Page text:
Just the fun ones, please

B000A2R54M-01-_AA_SCMZZZZZZZ_.jpgOver the holidays last year, I had lunch with some of the guys I game with. As we ate, our conversation drifted to the topic of video games, as it is often does. We’ve been gaming together for almost four years now, so we’ve had a lot of “interesting” gaming sessions, ranging from some serious Mario Kart Double Dash matches to almost coming to fisticuffs over a game of Turok: Evolution, of all games. (We had banned the use of the Dark Matter Cube but someone couldn’t help himself and used the cheapest weapon ever to win a death match. It wasn’t a pretty sight.) For the most part, though, we’ve had some great gaming sessions. No matter how competitive we are, Nintendo games in particular seem to bring out a heated, but relatively friendly, competition. No punches thrown, just some serious trash talking.

We moslty talked about Super Mario Strikers, a game none of us owned but all had played. We all gushed about how fun it was and how easy it seemed to play. It’s nothing more than a simple street-style game of soccer with a Mario flair but it’s downright fun. What was it about such a simple game that made it so appealing?

Later that week, I took my Gamecube to work for some lunchtime gaming. We hooked it up to the projector in our conference room and threw down, Nintendo style. We started off with a little Pac-Man Vs. which is the best use of the GBA-GC link I’ve played. Take the simplicity of Pac-Man and then add in multiplayer and you’ve got a sweet party game. We then moved onto some Mario Kart: DD and finished up with Mario Power Tennis. Two of us had played most of these games and the other two hadn’t. It didn’t matter. All of them were easy to pick up and play. Our Mario Tennis matches took a few minutes to get everyone up to speed, but after a little while we were volleying, smashing and saving like pros. It was good, serious fun.

All of these games had something in common – they were either published or developed (or both) by Nintendo. They all have fantastic mutliplayer modes. They’re simple and easy to learn but complex enough to have an element of strategy and discovery. To put it simply, Nintendo just makes fun games. More specifically, Nintendo makes fun party games.

Even their actual “Mario Party” games are great, even though not everyone agrees. Just look at the reviews for the past few Mario Party games. The argument could be made that this particular franchise is getting long in the tooth. But I think that misses the point. The reviewers may give Mario Party 7 a low score and justify it by saying “it’s more of the same” but that doesn’t capture the whole picture. The reviewers have probably been playing Mario Party since it was an N64 game. Most casual gamers have not. So they don’t care if one of the mini games in MP7 is derivative of a game from MP4. It doesn’t matter. It’s fun, no matter how you play it.

So what is it about Nintendo’s games that make them fun? I think Matt at Press the Buttons was on to something when he was trying to explain why he was describing the Game Boy version of Mario Tennis. “So it’s like Pong,” was the common reply when describing a video game version of Tennis. Is Pong fun? Thirty years ago it certainly was. So is the actual game of tennis. A digital version of a fun game – it’s a no brainer.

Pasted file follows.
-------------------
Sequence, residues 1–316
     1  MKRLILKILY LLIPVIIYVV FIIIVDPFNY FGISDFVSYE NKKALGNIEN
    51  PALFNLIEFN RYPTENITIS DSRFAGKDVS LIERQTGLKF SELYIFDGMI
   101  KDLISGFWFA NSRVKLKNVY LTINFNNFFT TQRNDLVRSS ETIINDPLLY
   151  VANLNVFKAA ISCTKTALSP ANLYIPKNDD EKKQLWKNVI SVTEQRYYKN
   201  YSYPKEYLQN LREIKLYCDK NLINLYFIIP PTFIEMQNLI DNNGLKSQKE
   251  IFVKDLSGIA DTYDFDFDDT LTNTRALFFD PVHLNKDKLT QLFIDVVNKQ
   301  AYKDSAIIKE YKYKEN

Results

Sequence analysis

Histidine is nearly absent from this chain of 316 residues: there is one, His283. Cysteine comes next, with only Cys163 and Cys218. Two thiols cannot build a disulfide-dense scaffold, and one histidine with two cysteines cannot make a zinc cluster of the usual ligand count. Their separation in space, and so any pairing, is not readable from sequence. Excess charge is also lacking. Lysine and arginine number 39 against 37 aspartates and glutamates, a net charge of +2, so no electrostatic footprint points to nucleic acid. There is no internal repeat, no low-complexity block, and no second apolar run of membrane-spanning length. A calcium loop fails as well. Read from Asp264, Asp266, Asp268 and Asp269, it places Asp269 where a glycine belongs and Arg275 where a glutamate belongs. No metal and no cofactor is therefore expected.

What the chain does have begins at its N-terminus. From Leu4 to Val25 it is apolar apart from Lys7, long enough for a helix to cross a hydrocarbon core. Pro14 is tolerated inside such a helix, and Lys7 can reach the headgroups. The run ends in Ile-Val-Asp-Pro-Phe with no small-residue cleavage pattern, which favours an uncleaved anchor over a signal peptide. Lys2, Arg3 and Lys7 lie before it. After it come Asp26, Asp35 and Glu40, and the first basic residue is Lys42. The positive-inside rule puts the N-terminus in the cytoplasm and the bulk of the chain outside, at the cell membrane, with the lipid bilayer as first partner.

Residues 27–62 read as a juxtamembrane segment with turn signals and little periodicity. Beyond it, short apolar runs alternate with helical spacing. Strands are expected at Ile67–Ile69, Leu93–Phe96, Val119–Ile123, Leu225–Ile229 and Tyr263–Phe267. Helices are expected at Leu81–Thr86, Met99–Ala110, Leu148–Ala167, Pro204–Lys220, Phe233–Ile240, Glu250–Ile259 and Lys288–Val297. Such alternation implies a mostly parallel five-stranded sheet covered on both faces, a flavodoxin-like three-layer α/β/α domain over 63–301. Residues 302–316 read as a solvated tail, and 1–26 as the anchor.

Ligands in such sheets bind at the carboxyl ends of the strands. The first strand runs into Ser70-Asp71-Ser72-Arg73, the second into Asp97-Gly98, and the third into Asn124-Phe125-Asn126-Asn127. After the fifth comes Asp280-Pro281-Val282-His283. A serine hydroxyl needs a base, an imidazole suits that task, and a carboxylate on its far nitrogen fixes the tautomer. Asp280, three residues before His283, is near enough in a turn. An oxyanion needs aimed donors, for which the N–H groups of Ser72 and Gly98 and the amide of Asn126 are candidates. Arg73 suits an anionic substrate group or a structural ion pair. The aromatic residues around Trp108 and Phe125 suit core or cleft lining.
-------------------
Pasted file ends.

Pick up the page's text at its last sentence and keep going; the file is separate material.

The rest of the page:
But that’s discounting the Nintendo/Mario angle. They’ve distilled the basic mechanics of a particular game and make it accessible through simple controls. Sometimes it seems like you can’t be “bad” at Nintendo games. Other people may be better than you, but sucess is usually easy to come by. Are the games artificially easy for the sake of enjoyment? I don’t think anyone who’s played a Super Mario game would agree with that they’re “easy.” Fun? Yes. Easy? Not everytime.

Is it nostalgia? I definitely think that plays a big part in my enjoyment. Most “older” gamers (come on, I’m only thirty!) grew up with Mario and Luigi. So this is like playing with old friends. The familiarity with the characters, their idiosyncrasies and nuances are what we look for everytime we boot up a Nintendo game.

We’re seeing this all over again with the Nintendo DS. Nintendo makes great games that are fun to play for the casual gamers as well as the serious gamer. Will it happen with the Revolution? Will the simple game play continue? Is it a new shift in gaming overall?

I sure hope so.

Comments

  1. My thoughts exactly! Nintendo has hit the “quick fix” formula.

    I don’t have time to learn 50 bajillion spells and skills, crafting, what mixes with what, watch this cutscene, etc. I have a wife, kids, and a job. I cannot stay up until the wee hours of the morning.

    I want to pop in a game and just play.

    I get frustrated when I just want to play and I cannot even skip the opening cutscene to a game.

    I’m almost never frustrated with Nintendo games. I can just play them.

    I’m not a fanboy by any means. I have other consoles. It’s just that I keep finding myself continually going back to the “immediate” games.

    …and then there’s Guild Wars.

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